Although Nick often comes across as unemotional, anger is an emotion he feels intensely. So intensely that it worries him, in fact. For instance, after Alan gets marked by a demon, Nick is enraged at Mae and Jamie because he thinks it's their fault. It's here that we get the line, "He wished sometimes that he could feel angry without feeling the urge to kill, but he never had" (3.87). Gulp.

    Later, as he and Alan are driving home from the Goblin Market, Nick again feels immense anger and wonders "if other people got as angry as he did" (6.50). Throughout the story, we see Nick battling to keep his anger under control. There are times when he wants to hit his brother (2.175) or fly at people's throats (14.56), and while we've all probably had moments like that, the frequency with which Nick reaches such a high level of anger indicates he might have a bit of an issue.

    That said, Nick does manage to keep his anger in check most of the time, so by analyzing this motif, we can probably draw more than one conclusion about what it means. Might we think of anger as an inner demon?

  • Animal Imagery

    Phew. There's so much animal imagery in this book, we'd have a hard time pointing it all out, but here's a start:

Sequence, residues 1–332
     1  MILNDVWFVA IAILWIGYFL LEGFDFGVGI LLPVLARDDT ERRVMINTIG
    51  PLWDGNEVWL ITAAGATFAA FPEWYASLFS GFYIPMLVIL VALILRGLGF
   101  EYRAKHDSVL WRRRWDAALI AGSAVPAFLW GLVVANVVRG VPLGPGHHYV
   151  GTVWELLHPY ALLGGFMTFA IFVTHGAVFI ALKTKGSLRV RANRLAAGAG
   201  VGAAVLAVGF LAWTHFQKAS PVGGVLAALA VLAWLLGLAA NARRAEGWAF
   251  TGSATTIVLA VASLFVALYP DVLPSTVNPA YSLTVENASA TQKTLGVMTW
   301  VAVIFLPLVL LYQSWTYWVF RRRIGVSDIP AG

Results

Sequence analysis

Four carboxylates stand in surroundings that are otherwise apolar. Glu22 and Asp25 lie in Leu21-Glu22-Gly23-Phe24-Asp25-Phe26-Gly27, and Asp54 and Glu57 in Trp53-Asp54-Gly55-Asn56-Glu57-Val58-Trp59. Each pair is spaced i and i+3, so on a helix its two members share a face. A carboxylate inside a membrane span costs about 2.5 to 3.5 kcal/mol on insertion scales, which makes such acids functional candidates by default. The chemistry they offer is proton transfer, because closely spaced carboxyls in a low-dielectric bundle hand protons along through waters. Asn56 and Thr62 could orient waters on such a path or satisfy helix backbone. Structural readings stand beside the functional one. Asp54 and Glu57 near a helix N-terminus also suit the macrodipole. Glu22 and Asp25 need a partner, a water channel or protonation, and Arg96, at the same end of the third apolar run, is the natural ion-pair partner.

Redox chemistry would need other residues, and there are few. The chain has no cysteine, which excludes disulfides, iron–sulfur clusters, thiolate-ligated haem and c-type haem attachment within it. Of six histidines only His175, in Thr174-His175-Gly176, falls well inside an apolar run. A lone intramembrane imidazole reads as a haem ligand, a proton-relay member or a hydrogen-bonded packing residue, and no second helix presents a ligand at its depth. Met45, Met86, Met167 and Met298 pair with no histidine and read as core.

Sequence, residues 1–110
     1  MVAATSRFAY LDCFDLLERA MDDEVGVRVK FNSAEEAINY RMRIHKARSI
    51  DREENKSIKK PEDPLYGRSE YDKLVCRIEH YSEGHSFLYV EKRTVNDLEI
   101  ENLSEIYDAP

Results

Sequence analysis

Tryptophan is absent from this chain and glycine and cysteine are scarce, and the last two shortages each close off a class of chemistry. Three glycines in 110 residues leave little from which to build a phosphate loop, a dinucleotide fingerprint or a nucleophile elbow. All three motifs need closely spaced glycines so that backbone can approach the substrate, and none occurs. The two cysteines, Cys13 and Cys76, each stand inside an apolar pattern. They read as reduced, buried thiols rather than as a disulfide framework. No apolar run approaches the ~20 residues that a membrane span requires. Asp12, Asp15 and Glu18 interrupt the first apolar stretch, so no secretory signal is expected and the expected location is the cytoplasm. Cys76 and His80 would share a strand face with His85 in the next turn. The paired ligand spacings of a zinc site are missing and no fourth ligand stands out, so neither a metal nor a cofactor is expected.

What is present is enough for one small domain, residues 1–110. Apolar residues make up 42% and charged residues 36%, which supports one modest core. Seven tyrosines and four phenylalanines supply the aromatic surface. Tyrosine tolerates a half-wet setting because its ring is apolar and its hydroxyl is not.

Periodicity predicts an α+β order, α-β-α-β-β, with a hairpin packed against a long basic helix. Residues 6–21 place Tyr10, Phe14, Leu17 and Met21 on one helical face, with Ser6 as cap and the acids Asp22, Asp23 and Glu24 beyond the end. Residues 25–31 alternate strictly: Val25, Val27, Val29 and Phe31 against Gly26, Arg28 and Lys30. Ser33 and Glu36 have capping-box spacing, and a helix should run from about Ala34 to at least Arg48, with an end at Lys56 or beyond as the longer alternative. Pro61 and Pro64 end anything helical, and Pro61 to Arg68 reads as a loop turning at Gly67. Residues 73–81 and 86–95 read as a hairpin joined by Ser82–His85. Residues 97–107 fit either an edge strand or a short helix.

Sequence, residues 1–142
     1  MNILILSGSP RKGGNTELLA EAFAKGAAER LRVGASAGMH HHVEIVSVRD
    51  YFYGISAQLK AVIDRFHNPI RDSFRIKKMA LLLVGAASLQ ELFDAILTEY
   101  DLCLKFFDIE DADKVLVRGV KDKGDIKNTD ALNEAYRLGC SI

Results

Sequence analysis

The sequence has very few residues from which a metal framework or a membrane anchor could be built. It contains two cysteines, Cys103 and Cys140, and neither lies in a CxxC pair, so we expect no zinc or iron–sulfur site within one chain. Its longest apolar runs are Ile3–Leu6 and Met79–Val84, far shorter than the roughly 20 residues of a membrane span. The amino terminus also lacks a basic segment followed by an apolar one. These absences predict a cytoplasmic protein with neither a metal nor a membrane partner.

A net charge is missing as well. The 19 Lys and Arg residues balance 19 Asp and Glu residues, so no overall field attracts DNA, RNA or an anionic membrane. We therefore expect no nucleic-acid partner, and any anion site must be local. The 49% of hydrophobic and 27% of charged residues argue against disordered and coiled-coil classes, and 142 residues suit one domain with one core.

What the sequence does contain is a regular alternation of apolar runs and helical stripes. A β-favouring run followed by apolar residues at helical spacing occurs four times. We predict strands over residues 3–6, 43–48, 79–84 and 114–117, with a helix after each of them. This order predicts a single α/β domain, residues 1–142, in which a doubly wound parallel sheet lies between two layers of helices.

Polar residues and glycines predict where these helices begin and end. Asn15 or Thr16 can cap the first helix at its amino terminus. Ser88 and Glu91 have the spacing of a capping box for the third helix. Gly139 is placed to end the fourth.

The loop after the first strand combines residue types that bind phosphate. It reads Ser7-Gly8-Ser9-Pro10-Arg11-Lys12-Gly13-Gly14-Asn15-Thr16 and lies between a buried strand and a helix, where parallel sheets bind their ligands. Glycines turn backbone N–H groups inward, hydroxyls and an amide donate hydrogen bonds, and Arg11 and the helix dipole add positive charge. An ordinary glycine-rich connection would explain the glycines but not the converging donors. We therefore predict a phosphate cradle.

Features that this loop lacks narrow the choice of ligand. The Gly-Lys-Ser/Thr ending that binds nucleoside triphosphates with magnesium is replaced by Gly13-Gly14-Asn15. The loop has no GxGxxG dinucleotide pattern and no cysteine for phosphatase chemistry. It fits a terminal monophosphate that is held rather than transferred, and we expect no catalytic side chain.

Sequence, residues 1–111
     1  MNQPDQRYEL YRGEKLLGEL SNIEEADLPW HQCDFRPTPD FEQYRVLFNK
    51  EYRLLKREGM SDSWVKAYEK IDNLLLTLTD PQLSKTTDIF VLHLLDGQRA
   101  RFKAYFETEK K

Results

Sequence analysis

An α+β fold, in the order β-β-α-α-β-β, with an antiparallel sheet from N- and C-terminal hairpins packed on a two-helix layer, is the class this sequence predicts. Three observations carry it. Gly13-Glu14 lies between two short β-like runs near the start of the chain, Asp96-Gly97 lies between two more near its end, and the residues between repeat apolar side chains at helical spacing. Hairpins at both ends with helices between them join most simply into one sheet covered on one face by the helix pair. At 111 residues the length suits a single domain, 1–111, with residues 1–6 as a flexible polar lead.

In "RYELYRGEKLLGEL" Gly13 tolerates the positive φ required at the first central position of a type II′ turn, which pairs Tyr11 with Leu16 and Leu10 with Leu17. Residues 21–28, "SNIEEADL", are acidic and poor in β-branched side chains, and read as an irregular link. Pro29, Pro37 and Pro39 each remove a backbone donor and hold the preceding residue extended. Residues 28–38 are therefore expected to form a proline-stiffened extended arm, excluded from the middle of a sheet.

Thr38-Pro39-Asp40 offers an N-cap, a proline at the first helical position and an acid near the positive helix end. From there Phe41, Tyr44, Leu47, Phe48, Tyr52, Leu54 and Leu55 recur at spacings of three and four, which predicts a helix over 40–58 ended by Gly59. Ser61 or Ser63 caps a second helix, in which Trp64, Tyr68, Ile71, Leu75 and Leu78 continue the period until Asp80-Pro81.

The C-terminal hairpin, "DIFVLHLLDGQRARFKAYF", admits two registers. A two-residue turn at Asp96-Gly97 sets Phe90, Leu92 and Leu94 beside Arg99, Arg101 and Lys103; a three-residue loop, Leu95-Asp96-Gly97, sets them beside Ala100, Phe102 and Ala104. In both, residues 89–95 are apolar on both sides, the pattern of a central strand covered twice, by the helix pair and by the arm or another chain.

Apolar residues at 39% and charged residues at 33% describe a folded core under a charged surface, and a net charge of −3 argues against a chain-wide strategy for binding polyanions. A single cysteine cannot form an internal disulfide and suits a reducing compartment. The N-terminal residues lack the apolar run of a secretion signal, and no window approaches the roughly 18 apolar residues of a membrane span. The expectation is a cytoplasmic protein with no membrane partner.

• Nick "prowled around the circumference of the rug" (2.155)
    • "Nick bared his teeth at her in a silent snarl" (3.206)
    • Nick "felt like an animal going back into a harness" (9.174)
    • Nick felt "like a clumsy animal who should not be allowed in here" (11.13)
    • Nick felt like "a savage dog kept on a chain so he would not fly at throats. He felt like flying at throats. He made a sound that was almost a snarl" (14.56)
    • Nick felt like "a tiger in a cage. Arthur looked at him with gentle interest, and Nick only just stopped himself from snarling again" (14.62)

    See what those all have in common? Yep—Nick. He's always snarling and growling and stalking and prowling, which makes us start to wonder about his savagery and what it might mean. So ultimately, all of this animal imagery really helps us to zero in on the theme of Man and the Natural World, which you probably want to know all about so just hop on over to the "Themes" section.

  • Narrator Point of View

    Third Person (Limited Omniscient)

    The way this story is told is one of the most important aspects of The Demon's Lexicon. Although Sarah Rees Brennan uses a third person voice, we remain close to Nick throughout the book, seeing events unfold through his eyes. And guess what? As incapable of lying as Nick is, he still turns out to be a pretty unreliable narrator.

    Why? Because there are crucial pieces of information that he doesn't have (like, say, the fact that he's not human), and therefore his view of each and every event is a little bit skewed. And so, when we get to the big reveal at the end, the part where we—and Nick—figure out what's really going on here, we have to go back through the book and re-evaluate just about everything we thought we knew:

    • Characters whose motivations we thought we understood appear to us in an entirely new light.
    • Events we saw in one particular way take on new meaning.